Protect Autistic People from Harmful Therapies

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“Autistic persons are particularly exposed to professional approaches and medical practices which are unacceptable from a human rights point of view. Such practices - justified many times as treatment or protection measures - violate their basic rights, undermine their dignity, and go against scientific evidence.”
- Office of the High Commissioner for Human Rights at the United Nations (1).

We, the autistic community, respectfully request to the council that neurological orientation, such as autism, be included in the Memorandum of Understanding (MoU) on Conversion Therapy of the UK Council for Psychotherapy (2).

Since autism was first defined, autistic individuals have been subjected to conversion therapies in the form of behaviour manipulation because of their neurological orientation, most prominently Applied Behaviour Analysis (ABA). These have the purpose of changing the autistic individual’s behaviour without
respect for their different neurology. Forcing autistic children to mimic behaviours of neurotypical peers when that behaviour is not natural to them can be disabling and is damaging to overall mental health.

Anyone accessing therapeutic help should be able to do so without fear of judgement or the threat of being pressured to change. ABA teaches that autistic thinking is inferior and flawed and that, without correction, a child will not develop the skills necessary to become independent in life. This negatively  impacts self-esteem, as autistic thinking and behaviours are an integral part of our identity. Most of us choose to use identity-first language (3) and refer to ourselves as autistic because we see our autism as a fundamental part of who we are. It is a predominantly genetically inherited, naturally occurring difference in neurology, a fundamental part of who a person is, not something which should be altered for the convenience of others.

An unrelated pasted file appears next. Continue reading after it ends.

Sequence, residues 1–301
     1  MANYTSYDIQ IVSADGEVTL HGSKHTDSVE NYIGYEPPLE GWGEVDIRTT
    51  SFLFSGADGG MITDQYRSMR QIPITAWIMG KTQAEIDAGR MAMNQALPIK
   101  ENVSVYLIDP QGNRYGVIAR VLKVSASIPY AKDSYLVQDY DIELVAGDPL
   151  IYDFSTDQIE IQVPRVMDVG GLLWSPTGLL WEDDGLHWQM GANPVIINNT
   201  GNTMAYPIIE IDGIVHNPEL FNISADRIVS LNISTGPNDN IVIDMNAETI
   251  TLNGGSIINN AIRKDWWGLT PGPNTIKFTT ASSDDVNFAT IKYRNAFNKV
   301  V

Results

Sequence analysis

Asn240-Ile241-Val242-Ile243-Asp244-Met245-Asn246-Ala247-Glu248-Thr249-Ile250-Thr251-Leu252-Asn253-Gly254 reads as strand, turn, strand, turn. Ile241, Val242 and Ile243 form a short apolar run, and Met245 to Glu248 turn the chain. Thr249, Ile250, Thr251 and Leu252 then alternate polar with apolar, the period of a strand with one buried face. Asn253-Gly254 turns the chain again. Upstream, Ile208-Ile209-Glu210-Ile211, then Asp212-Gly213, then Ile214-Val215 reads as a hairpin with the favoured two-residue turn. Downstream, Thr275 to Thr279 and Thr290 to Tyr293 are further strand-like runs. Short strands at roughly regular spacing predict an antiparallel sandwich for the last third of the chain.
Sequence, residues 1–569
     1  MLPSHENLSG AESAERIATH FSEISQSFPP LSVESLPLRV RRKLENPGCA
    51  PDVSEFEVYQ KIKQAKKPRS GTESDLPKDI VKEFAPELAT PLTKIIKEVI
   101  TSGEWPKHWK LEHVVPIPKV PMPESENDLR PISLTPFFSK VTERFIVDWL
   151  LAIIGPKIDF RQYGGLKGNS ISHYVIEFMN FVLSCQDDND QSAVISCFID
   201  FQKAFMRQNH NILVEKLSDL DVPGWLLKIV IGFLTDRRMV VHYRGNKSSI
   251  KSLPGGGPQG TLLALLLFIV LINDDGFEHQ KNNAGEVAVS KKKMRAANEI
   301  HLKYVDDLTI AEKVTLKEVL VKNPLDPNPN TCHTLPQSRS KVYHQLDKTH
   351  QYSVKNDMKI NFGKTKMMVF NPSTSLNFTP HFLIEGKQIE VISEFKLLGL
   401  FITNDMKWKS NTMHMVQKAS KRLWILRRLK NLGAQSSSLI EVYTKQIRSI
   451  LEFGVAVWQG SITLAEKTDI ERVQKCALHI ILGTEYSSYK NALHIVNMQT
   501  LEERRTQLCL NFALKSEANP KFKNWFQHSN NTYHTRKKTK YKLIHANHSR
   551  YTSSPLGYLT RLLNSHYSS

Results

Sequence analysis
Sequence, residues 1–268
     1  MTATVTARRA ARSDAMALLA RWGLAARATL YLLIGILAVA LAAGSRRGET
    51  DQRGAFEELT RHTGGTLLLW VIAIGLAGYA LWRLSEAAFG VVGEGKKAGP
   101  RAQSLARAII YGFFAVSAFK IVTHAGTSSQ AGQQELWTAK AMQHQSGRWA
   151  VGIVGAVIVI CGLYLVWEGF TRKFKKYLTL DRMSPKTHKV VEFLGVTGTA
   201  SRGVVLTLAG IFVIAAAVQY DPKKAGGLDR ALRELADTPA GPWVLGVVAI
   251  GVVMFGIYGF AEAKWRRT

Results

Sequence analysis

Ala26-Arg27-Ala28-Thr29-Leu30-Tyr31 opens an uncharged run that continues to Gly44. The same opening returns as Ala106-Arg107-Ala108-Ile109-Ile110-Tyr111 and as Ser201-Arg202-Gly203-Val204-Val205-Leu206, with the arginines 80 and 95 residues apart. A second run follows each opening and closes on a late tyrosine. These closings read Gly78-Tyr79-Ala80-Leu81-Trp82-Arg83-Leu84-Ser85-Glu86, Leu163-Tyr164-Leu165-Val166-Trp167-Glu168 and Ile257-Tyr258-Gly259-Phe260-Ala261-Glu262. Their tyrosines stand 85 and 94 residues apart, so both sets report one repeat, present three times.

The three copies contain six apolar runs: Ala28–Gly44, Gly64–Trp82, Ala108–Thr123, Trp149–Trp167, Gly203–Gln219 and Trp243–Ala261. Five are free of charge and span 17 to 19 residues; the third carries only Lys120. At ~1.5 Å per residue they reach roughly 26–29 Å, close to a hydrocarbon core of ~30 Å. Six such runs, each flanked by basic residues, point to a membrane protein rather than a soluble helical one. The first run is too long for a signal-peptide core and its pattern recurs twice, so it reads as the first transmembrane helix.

ABA destroys a child’s intellectual potential by conditioning them to pretend to be someone they are not and interfering with their natural developmental trajectory. If Galileo Galilei, Wolfgang Amadeus Mozart, Albert Einstein or Bill Gates had been subjected to ABA, we would most likely not know their names today.

ABA teaches the child that who they are naturally is not good enough, that they are broken and need to be fixed, like an object in a repair shop. It takes away their self-esteem, denies them an intrinsic part of their personality, even their intellectual and physical autonomy, and risks replacing these with self-hatred, the belief that they are a burden and cannot be accepted for who they are.

ABA addresses individual behaviours, not the underlying reasons for those behaviours. The issues that impact a person's functioning, such as anxiety and sensory overload, remain and build up, which can cause meltdowns in the short term and cause serious mental health issues in the long run.

The heightened pressure, anxiety and helplessness experienced during the therapy leads to severe Post Traumatic Stress Disorder (PTSD) (4), as a 2018 study has shown (5). There is also a plausible case for ABA causing Obsessive-Compulsive Disorder (OCD) (6) for the same reasons, as well as for depression and regressive autism (4). (“Could it be that sudden major regression is common in ABA programs rather than common in autism? We find this premise to be consistent with our training in depth psychology. According to Sigmund Freud, regression takes place in the face of acute trauma and overwhelming anxiety. We posit that behavioral modification can be a springboard to many serious maladies and maladjustments.”)